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U.S. Preventive Services Task Force revises its earlier recommendations on mammography

On February 21, HHS Secretary Tommy G. Thompson released an updated recommendation from the U.S. Preventive Services Task Force (USPSTF) that calls for screening mammography, with or without clinical breast examination, every 1 to 2 years for women ages 40 and over. This recommendation affirms HHS' existing position on the value of mammography and also echoes the position of the National Cancer Institute on use of mammography to screen for breast cancer.

The USPSTF published two earlier breast cancer screening recommendations, in 1989 and 1996, that both endorsed mammography for women over age 50. The Task Force is now extending that recommendation to all women over age 40, but as they point out, the strongest evidence of benefit and reduced mortality from breast cancer is among women ages 50-69. The recommendation acknowledges that there are some risks associated with mammography (false-positive results that lead to unnecessary biopsies or surgery), but that these risks lessen as women get older.

Breast cancer is the most common cancer among women in the United States. In 2001, an estimated 192,200 women were diagnosed with breast cancer, and 40,600 women died from the disease. In addition to age, other factors may increase a woman's risk of breast cancer. The strongest risk factors are a family history of breast cancer in a mother or sister, having already been diagnosed with breast cancer, or having had a previous breast biopsy showing atypical hyperplasia (an irregular pattern of cell growth).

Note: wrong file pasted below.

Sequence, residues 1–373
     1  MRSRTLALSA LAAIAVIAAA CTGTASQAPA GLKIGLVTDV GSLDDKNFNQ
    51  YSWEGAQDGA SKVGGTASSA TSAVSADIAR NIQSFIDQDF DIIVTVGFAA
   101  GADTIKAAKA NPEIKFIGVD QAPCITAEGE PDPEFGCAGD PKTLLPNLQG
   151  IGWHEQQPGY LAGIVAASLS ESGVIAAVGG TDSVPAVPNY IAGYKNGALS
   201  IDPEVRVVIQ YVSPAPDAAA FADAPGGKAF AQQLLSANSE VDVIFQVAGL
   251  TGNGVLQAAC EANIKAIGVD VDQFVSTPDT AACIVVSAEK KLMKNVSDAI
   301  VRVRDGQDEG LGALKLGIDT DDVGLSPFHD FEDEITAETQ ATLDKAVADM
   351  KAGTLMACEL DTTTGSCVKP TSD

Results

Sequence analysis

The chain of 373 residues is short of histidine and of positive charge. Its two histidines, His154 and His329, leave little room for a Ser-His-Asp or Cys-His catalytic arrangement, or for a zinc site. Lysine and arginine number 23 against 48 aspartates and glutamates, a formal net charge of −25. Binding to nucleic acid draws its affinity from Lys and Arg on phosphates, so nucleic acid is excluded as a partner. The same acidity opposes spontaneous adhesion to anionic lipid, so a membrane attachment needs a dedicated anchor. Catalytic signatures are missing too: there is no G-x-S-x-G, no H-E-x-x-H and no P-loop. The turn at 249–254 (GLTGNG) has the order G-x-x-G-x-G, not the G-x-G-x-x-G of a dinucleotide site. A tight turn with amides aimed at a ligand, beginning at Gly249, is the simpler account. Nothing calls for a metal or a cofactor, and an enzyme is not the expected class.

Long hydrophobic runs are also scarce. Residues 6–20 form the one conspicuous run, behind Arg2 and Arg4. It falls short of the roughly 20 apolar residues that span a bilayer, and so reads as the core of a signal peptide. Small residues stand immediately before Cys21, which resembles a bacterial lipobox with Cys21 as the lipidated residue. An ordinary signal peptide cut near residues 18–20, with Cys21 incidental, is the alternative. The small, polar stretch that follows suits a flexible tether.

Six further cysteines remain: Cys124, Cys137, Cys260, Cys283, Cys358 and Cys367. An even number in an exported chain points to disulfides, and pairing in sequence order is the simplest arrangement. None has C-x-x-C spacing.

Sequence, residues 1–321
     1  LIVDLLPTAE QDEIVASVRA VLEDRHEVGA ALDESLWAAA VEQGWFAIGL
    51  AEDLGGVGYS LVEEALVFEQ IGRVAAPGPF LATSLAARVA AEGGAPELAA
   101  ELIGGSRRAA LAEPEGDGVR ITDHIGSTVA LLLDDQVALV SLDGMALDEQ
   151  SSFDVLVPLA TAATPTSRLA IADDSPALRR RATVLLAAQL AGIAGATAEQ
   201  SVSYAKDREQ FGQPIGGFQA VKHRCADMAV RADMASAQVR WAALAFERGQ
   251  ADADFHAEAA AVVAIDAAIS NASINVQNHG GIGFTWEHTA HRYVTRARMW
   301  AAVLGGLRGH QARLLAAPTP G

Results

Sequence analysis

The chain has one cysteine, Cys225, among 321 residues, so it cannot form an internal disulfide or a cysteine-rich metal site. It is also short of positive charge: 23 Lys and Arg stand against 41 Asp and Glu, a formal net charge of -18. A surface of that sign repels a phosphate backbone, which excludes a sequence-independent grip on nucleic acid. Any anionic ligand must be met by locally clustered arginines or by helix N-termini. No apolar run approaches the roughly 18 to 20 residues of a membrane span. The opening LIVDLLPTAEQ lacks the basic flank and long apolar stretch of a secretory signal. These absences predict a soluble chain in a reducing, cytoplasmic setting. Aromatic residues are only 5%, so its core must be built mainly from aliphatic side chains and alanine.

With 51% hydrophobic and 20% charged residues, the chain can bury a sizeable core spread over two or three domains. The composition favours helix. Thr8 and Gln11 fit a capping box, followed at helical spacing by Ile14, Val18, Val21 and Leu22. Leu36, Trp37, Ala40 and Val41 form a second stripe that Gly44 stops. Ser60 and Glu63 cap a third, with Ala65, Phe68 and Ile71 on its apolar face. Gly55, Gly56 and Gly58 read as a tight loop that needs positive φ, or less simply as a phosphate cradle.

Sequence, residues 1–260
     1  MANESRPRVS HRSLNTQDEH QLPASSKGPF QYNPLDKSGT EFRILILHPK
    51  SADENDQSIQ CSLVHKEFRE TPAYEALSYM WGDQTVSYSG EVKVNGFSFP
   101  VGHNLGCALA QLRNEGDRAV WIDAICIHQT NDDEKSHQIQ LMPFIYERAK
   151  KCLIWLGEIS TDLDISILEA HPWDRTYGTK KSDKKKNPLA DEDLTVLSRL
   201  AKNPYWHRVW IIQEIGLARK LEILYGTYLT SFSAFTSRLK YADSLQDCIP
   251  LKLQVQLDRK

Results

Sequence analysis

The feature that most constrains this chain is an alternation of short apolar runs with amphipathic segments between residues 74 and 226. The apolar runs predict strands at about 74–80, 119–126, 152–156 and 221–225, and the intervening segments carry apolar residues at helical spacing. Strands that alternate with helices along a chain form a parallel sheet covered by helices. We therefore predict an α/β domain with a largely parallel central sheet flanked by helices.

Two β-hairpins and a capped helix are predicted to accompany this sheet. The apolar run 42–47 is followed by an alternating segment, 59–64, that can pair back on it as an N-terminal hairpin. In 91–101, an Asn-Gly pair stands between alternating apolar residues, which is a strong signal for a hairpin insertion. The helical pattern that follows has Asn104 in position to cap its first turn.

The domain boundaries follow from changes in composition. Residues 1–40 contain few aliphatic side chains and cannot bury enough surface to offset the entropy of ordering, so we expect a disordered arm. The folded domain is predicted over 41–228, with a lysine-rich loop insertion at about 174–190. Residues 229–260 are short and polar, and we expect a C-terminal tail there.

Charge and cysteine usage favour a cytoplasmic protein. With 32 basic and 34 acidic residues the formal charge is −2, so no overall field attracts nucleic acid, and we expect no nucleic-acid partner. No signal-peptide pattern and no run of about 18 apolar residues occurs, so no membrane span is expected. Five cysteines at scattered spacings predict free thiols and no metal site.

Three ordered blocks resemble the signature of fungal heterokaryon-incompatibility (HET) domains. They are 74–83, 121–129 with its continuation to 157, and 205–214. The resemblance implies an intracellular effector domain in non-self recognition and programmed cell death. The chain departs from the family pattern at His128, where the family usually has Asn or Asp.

The new USPSTF recommendation results largely from the review of eight randomized controlled trials of mammography (four of mammography alone and four of mammography plus clinical breast examination) that have reported findings with 11 to 20 years of followup. These studies have all been published since the Task Force last addressed this issue in 1996.

The USPSTF also noted that there continues to be insufficient evidence to recommend for or against routine clinical breast examination alone as a screening tool for breast cancer. In addition, there is insufficient evidence to recommend for or against teaching or performing routine breast self-examination. While these techniques detect some additional cancers, there were not enough data to determine whether they reduced deaths from breast cancer.

The USPSTF, the leading, independent panel of private-sector experts in prevention and primary care, is sponsored by the Agency for Healthcare Research and Quality. The Task Force conducts rigorous, impartial assessments of scientific evidence for a broad range of preventive services.

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